Why are there so many holidays in December and January? We have Hanukkah, Christmas, Yule, Kwanzaa, New Year's Eve, St. Lucia's Day, and all manner of variations on those, as will as ancillary celebrations (such as Advent). In one form or another, these celebrations focus on happiness or light. Celebrations of light, all clustered around the longest night of the year? Surely this is not a random occurrence. Obviously the human spirit craves light and the life it brings, and the dark times of less activity and more eating are being offset by singing, candles, parties (okay, that's also a handy excuse for eating), and opportunities to spend time with other people: cultural and religious offsets to the physiological reactions to winter. We understand that times of cold and darkness can wear away at our resolve, and we fight back by creating a flurry of activities aimed, purportedly, at joyfulness at this darkest time. Hopefully it's enough to carry us through the remaining ice and snow as the days grow longer.
Enter depression, subtle twister of goodness.
Looking at the world through the unwholesome filter of depression can make a good thing into a painful experience. Holidays are designed to bring people together; you just want to be left alone. They encourage you to give; you're overwhelmed by the idea of shopping, or terrified that you'll choose the wrong item. Indoor creative crafts flourish; your mind is a pile of mush and you're sure you can create or decorate anything.
If you've read this blog for any amount of time you know that it's my firm belief that depression has physiological, psychological, and spiritual components, and gleefully will attack you on all those fronts. This is a time of year when it can use the forces of nature (less sunlight and warmth) as its strength, overwhelming the forces of culture (social activities, giving and happiness). Well if it will use the momentum of the year, you can too.
Go to the parties, even if you sit by yourself. Joy is also an infectious disease, and if you expose yourself to it you may find that you catch it. Surround yourself with people that won't judge you for your failings - there is no better time of year to find the goodness in your fellow man than right now. Sing and don't care how you sound. If buying gifts is too expensive or you hate the crowds, try making your own and (here's the trick) stop caring if they're perfect. Spend some time volunteering as a Santa or Salvation Army bell-ringer. Force yourself to be in situations where you will be exposed to the goodness of humanity.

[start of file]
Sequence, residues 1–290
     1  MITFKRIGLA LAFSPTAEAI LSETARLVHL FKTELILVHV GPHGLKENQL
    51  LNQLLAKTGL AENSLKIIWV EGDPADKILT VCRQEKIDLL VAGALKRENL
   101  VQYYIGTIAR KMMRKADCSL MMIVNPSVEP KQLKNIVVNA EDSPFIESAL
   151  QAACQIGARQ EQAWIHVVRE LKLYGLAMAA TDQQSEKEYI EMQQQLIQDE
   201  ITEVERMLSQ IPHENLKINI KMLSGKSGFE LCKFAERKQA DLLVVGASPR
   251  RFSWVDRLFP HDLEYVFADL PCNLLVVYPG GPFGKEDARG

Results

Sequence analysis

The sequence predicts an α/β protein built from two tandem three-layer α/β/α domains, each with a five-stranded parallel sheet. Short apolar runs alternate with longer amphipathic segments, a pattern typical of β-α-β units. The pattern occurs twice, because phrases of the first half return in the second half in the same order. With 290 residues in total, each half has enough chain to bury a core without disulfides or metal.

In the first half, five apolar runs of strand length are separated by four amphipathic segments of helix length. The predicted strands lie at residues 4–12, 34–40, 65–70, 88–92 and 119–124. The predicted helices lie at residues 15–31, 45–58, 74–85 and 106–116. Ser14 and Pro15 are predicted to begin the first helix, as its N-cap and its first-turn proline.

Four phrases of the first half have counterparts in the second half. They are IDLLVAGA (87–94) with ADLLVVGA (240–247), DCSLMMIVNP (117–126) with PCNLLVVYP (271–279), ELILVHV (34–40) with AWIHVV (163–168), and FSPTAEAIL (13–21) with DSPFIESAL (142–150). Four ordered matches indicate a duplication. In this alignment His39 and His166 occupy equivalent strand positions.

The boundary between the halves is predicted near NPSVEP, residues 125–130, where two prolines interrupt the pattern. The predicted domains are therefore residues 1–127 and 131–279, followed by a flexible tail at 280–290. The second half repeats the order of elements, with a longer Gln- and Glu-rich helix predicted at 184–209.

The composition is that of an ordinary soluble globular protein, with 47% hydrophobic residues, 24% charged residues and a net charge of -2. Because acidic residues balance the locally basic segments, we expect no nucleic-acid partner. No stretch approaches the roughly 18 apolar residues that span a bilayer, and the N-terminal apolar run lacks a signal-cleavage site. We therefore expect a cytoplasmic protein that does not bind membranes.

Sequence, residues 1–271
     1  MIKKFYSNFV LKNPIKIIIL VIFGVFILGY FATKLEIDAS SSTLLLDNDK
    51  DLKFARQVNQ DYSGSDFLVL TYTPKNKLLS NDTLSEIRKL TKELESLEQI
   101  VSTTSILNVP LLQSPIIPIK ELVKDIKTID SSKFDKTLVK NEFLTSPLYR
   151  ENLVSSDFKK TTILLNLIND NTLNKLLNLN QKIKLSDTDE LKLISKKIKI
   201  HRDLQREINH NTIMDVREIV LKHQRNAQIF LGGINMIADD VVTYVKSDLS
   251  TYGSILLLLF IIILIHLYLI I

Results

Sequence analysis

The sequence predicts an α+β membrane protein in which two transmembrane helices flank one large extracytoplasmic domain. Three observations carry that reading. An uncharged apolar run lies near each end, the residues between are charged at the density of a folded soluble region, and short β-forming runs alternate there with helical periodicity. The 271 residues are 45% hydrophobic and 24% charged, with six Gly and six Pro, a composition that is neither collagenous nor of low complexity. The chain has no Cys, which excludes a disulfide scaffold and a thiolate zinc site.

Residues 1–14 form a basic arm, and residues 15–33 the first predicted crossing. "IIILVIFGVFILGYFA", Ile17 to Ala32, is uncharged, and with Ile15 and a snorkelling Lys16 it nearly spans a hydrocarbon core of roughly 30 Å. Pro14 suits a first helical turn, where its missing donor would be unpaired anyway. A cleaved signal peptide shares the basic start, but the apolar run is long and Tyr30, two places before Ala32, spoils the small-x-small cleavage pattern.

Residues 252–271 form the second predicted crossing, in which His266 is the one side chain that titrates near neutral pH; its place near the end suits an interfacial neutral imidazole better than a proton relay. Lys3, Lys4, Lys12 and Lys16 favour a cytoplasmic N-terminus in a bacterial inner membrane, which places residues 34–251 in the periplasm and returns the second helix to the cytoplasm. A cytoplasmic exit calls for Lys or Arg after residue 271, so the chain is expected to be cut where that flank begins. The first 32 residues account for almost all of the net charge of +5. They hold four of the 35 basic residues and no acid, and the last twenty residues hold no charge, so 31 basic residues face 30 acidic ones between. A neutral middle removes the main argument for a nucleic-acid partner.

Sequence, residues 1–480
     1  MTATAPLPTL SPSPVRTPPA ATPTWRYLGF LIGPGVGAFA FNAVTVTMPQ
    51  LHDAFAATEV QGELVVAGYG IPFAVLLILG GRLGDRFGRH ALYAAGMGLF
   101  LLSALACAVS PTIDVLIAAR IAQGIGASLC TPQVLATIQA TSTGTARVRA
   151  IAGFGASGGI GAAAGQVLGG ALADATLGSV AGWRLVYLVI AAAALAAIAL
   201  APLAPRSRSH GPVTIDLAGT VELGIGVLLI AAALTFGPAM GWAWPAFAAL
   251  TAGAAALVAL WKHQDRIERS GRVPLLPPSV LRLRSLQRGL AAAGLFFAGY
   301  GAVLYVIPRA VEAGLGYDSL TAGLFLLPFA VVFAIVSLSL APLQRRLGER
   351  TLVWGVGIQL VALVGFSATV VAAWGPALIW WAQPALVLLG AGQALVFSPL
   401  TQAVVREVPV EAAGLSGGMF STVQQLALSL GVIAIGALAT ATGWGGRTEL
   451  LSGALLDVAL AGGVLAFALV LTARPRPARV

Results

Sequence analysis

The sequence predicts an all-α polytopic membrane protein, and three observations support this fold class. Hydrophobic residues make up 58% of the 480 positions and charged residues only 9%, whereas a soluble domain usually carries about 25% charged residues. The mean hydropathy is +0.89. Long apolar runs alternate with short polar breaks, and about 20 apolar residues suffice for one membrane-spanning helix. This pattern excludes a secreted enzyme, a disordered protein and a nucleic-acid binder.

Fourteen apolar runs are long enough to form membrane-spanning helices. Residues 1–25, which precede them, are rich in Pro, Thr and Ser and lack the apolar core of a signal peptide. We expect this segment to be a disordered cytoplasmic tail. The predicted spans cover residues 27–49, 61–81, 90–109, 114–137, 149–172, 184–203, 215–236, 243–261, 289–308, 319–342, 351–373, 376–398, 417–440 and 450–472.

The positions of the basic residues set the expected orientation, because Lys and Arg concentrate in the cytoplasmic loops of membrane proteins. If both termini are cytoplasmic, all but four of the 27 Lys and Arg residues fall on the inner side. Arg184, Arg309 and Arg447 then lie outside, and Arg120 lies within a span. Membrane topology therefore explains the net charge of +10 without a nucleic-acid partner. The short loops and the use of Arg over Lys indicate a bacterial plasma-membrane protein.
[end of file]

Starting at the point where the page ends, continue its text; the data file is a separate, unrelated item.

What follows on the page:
All the drugs in the world will not get you out of bed. Your therapist and your gods cannot do this for you either. Depression is working very, very hard to convince you that you have no power, no worth, no purpose. Set yourself a schedule of things to do, things that intellectually you know are good at this time of year, and stick to it no matter what. You will find many, many excuses to avoid positive, social activities, because the more of them you engage in the more the depression will fight back and try to suck you back in. That's why I suggest literally writing down (or getting a friend to, if you must) your holiday activities and going through the motions. Sooner or later the habit will find its way in deeper, helping out whatever treatments you might have going for you.
And then you'll discover the most amazing gift of all - that you can.